Proof of suspect's alibi concealed, court told


TORONTO -- Police buried the proof that Romeo Phillion had an alibi for a 1967 killing because they simply could not accept that the chronic ne'er-do-well would falsely confess to murdering an Ottawa firefighter, the Ontario Court of Appeal was told yesterday.

A lawyer for Mr. Phillion, James Lockyer, told the court police investigators were flabbergasted when Mr. Phillion, 68, spontaneously confessed to the crime five years after they had confidently cleared him based on verification of his alibi.

In a dramatic clash, Mr. Lockyer accused one of the lead investigators in the case, retired superintendent John McCombie, now 75, of madly scrambling to conceal the proof he had unearthed confirming Mr. Phillion's alibi.

"That's not true," Mr. McCombie said.

"When Mr. Phillion confessed to the crime in 1972, you were confronted with a very odd situation," Mr. Lockyer insisted. "There was only one way you could grapple with it - and that was to assume that a man doesn't confess to something he didn't do - so that whatever you had concluded in 1967 had to be wrong."

Ottawa firefighter Leopold Roy was stabbed to death in his apartment building on Aug. 9, 1967. Mr. Phillion spent 31 years in prison for the murder before his parole officer gave him a previously undisclosed 1968 police report in which Mr. McCombie stated that it was impossible for Mr. Phillion to have killed Mr. Roy.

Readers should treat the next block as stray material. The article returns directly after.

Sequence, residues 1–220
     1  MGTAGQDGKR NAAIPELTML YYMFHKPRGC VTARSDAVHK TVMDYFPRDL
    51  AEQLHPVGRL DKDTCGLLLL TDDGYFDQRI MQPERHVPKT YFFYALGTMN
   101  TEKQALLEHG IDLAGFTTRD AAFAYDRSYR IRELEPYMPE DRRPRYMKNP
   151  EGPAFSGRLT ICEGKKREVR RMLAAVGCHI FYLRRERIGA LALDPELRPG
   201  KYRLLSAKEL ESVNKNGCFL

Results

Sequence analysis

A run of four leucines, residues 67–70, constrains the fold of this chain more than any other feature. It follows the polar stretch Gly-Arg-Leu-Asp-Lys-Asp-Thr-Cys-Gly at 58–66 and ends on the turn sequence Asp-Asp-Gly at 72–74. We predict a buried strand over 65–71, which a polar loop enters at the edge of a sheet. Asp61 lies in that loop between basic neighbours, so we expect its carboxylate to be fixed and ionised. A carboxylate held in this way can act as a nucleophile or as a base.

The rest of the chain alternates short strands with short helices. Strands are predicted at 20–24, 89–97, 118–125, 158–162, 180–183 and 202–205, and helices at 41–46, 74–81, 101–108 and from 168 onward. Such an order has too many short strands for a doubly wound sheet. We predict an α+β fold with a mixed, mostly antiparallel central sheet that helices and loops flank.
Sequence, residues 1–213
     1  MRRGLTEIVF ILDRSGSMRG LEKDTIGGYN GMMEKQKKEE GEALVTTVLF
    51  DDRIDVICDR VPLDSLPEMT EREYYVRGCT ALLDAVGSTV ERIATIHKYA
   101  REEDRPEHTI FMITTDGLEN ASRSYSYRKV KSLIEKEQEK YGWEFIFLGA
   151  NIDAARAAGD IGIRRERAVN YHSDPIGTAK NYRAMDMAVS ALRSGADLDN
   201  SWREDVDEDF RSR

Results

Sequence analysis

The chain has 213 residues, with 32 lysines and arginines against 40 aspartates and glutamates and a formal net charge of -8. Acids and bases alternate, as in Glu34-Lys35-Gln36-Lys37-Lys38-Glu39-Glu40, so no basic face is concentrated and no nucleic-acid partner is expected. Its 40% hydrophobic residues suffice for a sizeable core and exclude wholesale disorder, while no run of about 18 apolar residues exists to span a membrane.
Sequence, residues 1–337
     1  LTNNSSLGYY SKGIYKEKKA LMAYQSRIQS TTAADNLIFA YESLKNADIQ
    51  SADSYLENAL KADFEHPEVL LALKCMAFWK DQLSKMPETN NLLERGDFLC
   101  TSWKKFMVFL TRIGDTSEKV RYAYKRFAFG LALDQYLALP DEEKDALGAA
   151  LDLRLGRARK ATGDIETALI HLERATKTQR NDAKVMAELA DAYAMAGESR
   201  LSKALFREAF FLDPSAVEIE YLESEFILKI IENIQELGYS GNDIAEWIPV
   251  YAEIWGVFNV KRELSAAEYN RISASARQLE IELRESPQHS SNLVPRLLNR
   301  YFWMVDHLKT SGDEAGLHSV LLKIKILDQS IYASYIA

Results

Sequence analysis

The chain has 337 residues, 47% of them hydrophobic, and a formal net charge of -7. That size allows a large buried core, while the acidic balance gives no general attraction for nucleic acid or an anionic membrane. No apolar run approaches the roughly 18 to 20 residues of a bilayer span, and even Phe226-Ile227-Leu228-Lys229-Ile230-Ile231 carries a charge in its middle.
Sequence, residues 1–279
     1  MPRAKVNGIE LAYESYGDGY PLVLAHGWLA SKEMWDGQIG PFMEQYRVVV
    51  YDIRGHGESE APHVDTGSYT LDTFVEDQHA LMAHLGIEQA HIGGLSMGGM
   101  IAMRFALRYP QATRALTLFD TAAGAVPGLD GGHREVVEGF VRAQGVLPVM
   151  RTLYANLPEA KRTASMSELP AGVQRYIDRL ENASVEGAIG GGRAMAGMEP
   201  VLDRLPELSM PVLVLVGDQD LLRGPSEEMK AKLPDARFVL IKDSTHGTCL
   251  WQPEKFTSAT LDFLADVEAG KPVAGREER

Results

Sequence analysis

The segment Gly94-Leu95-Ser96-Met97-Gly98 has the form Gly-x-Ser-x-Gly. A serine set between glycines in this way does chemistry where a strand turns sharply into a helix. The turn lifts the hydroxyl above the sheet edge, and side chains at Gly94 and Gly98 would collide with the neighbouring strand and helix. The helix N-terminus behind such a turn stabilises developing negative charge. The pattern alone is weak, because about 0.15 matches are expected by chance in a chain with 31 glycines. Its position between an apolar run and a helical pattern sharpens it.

Mr. Phillion was later released on bail.

The key to the alibi lies in a statement from a service station owner near Trenton, Ont. Mr. McCombie's long-buried report quotes the owner confirming that Mr. Phillion had run out of gas on the day of the murder and was towed to his garage.

The timing of events eliminated Mr. Phillion as Mr. Roy's killer.

The Court of Appeal's immediate task is to decide whether the suppressed alibi report and other evidence undermine the veracity of Mr. Phillion's confession and qualify as fresh evidence.

Crown counsel contend that while the passage of time has led to minor discrepancies in Mr. McCombie's account of events, Mr. Phillion was rightly convicted of a crime he freely admitted committing.